podcast

Episode #12: Megan Bruneau

March 29, 2017

On the heels of last week’s conversation with Alexis from Hummusapien, I felt it was necessary that we jump more into this idea that perhaps the “wellness industry” is doing more harm than good. I know, this is perhaps somewhat surprising coming from someone who in pretty much every way contributes to this industry.

I live and breathe wellness, but I also can recognize that perhaps sometimes I’m too “in it” to really have any perspective on the impact of my own business, both good and bad.

So I invited someone hugely inspiring to me, who is leading the charge of this wellness conversation onto the show to discuss this very topic. I’m honored and excited that Megan Bruneau agreed to join me for Episode #12!

In early January, just as everyone was declaring this health and wellness resolutions to the world, I found myself doing a purge of my social media channels for just this very reason. I respect whatever choices you make for your health, but anyone declaring they’re doing Whole30 for the 7th time or eliminating sugar because it’s the devil is too triggering for me. I may be in a great place with my health and with my body, but I’m not immune to questioning my own habits. For this reason, it was important that for me that I surround myself with images and people that support my beliefs, and don’t cause me to put them into question.

So I purged and at the advice of my friend, Katie Dalebout, I filled my feed with people and messages that lifted me up. And somewhere along the way I discovered Megan. I appreciated that Megan was having conversations about health, wellness and happiness that no one else was having. She forced me to question my own behaviors in a positive way. She made me more aware and added this much needed perspective that I’d lost in getting so wrapped up in this industry.

This is why Megan is on the show today.

Here are some topics we tap into in today’s episode:

  • Megan’s own history with eating disorders and body image
  • The negative implications of the wellness industry on young men and women
  • Social media and advice for influencers and consumers on how to be a more critical voice
  • Privilege in the wellness industry and why we need to be acknowledging it
  • Health at every size and what that actually looks like
  • Where the wellness industry is going

LISTEN HERE:  iTunes | Stitcher | Google Play | Player.FM | Podbean


If you want to ask questions to future guests, make sure you join the THM Tribe to find out who’s coming on the show before I interview them and get regular updates on the podcast.

And if you’re enjoying the podcast, or have feedback for me be sure to leave a review on iTunes. It’s much appreciated!

What questions do you have for Megan? I highly recommend you check out this article that Megan wrote to educate yourself more about this subject.

  • Reply
    Angela Simpson
    March 30, 2017 at 10:12 am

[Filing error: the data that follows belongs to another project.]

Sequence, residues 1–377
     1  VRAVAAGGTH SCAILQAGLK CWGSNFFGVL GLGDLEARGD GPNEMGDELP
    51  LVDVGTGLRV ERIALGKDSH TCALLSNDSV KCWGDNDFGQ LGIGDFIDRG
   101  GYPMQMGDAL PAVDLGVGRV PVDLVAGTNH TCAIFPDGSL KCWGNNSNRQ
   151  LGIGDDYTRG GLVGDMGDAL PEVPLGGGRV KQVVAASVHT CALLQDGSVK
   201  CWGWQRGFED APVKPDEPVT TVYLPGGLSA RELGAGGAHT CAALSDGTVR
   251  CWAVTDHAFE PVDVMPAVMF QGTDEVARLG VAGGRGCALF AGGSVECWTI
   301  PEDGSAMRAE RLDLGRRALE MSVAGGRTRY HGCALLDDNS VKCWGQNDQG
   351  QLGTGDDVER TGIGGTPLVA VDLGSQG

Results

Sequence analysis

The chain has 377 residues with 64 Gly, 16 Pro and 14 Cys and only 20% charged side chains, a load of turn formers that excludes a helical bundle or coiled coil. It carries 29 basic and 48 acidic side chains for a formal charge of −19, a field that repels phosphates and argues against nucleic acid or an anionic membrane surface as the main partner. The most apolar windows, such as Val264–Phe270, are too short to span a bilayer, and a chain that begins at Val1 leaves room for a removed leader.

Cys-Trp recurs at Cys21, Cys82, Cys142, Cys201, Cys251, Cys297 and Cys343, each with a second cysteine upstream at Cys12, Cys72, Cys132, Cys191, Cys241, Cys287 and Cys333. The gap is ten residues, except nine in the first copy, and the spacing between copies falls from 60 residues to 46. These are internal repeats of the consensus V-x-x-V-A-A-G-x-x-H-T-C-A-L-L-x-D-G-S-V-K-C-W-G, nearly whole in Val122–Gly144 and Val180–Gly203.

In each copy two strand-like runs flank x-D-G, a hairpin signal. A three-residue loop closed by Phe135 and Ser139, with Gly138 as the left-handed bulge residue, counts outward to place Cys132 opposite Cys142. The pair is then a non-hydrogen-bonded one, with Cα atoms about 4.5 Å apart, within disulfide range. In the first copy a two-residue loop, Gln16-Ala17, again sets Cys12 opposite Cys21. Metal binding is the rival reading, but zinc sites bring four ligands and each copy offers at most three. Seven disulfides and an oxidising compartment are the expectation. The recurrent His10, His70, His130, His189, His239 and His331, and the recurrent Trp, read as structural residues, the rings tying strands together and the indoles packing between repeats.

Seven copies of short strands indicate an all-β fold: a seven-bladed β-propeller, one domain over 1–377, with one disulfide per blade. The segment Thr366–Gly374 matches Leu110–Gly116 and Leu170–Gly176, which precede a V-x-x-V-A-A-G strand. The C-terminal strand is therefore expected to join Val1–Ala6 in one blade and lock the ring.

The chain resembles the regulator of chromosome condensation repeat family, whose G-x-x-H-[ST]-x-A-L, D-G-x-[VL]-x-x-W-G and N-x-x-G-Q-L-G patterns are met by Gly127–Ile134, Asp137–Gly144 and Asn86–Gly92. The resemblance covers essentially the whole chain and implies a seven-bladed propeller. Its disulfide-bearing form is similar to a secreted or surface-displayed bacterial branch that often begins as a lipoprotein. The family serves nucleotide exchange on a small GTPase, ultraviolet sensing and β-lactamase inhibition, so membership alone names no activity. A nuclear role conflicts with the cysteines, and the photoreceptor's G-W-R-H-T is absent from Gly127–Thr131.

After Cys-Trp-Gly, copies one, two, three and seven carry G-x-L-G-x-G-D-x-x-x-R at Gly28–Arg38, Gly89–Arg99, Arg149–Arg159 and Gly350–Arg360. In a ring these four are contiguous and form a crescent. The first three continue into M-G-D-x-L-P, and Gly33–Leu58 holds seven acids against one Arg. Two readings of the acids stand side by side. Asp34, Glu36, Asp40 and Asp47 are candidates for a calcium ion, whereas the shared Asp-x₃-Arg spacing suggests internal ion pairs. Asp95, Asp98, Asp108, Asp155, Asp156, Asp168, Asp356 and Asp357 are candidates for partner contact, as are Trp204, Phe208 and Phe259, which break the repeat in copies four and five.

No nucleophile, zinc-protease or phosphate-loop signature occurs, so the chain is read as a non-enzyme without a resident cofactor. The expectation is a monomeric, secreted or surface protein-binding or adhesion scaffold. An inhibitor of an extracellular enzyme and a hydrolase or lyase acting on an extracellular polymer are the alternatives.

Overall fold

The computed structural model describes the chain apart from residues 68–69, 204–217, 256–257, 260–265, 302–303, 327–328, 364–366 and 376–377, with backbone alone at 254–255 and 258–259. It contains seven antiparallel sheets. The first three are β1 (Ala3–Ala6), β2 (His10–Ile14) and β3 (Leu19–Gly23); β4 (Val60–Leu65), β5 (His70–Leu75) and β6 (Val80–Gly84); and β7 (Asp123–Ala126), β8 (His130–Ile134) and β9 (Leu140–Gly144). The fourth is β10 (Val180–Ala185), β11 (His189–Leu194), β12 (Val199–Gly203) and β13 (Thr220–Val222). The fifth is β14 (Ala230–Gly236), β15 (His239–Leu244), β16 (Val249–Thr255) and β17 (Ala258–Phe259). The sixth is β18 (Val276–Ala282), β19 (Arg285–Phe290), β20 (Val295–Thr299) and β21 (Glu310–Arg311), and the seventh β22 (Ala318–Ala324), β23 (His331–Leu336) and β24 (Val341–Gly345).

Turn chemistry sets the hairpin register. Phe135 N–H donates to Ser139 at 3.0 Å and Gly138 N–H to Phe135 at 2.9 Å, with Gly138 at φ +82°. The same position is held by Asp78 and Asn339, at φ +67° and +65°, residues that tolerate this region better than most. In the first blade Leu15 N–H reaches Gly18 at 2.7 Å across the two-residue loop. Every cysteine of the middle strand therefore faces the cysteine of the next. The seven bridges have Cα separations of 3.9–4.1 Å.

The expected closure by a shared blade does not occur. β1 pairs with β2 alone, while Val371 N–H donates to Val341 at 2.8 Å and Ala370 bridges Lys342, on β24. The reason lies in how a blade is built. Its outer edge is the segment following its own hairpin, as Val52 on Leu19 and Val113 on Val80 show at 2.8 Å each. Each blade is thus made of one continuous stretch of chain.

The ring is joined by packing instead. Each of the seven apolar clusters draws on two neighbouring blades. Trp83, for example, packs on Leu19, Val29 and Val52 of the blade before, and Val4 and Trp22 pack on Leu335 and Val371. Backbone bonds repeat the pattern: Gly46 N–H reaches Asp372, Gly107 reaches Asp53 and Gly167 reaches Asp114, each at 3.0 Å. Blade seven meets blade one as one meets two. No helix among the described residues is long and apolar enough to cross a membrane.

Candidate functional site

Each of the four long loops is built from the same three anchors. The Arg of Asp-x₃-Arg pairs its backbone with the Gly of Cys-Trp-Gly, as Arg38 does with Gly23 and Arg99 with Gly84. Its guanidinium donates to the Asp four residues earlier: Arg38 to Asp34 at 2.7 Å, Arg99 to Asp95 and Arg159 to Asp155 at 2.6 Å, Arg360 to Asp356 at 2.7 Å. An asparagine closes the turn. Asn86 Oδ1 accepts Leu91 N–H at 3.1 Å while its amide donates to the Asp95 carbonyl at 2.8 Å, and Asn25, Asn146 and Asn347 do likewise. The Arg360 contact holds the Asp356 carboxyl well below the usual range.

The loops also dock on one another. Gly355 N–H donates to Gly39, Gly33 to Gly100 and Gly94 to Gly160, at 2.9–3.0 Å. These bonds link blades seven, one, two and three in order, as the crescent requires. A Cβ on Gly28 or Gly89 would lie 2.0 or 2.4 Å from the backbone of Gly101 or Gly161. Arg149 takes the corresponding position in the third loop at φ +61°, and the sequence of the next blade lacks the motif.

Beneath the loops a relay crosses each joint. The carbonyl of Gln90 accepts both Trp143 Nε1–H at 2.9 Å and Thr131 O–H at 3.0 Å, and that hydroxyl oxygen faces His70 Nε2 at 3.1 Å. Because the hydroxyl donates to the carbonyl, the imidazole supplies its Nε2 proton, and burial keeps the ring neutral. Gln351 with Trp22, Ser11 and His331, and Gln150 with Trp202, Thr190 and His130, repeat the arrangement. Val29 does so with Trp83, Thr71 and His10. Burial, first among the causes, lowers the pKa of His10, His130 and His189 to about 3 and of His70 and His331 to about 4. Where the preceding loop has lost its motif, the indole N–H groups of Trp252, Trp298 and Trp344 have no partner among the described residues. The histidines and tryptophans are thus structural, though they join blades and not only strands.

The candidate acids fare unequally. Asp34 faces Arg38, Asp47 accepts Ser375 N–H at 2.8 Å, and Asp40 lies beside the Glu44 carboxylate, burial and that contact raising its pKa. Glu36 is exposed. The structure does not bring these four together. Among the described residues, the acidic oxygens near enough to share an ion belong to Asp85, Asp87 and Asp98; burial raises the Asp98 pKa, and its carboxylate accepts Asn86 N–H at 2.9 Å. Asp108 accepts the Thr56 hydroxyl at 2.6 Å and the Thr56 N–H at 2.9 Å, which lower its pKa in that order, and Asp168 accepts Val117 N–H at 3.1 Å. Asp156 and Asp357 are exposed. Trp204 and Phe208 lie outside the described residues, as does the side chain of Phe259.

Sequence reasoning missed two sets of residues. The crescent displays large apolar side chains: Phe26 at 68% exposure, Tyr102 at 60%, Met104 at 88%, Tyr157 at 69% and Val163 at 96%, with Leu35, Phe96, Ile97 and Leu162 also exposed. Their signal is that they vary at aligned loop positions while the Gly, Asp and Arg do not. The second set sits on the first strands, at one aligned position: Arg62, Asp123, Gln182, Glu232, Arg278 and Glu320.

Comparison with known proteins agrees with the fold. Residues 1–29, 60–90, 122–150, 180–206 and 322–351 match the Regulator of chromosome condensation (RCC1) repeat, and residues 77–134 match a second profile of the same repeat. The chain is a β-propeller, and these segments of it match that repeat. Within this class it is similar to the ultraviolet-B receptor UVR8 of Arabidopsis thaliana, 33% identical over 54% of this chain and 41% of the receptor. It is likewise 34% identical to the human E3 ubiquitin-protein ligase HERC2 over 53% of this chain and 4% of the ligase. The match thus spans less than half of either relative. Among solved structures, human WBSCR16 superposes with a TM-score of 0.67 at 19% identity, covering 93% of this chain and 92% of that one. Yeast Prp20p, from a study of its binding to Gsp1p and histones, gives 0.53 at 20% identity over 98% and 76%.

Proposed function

I’m only half way through this episode Davida, and I’m LOVING the conversation so far! Like you, I feel partially responsible for the messages (both positive and negative) and ideas coming out of the wellness industry. This episode and the one with Alexis has really made me think critically about the message I choose to share, and I can’t wait to listen to the rest tonight. Awesome job on the podcast, as always!
    Angela Simpson recently posted…Detox Salad with Ginger Miso Tahini Dressing

    • Reply
      Davida @ The Healthy Maven
      April 10, 2017 at 11:04 am

      Thank you so much, lovely. But as my friend Alexis from Hummusapien said in the previous episode, I think we are all humble enough to realize and own our mistakes and bring positivity and health at every size moving forward. Lots of love!

  • Reply
    Ashley
    April 3, 2017 at 12:23 am

    This was awesome. Love how organic the discussion is. Lately I have been thinking about not labelling my recipes and posts as “vegan” “paleo” and so on, anymore. I have also felt pressured to use labels to help people easily distinguish which recipes meet their dietary needs but the words feed into the orthorexic mind frame.
    !!
    Also, I am very grateful that IG didn’t exist when I was battling eating disorders and exercise addiction. I think it would have made recovery much more difficult and confusing. I am lucky to have tools from “unlearning” self destructive so that social media doesn’t affect my personal value. However, I am concerned for young people who don’t know any other way – comparing themselves to their social followers is all they have know and I know it’s a tough habit to break

    • Reply
      Davida @ The Healthy Maven
      April 10, 2017 at 10:59 am

      I couldn’t agree more. Here’s to hoping we can change the discussion and bring more positivity and health at every size to the wellness community!

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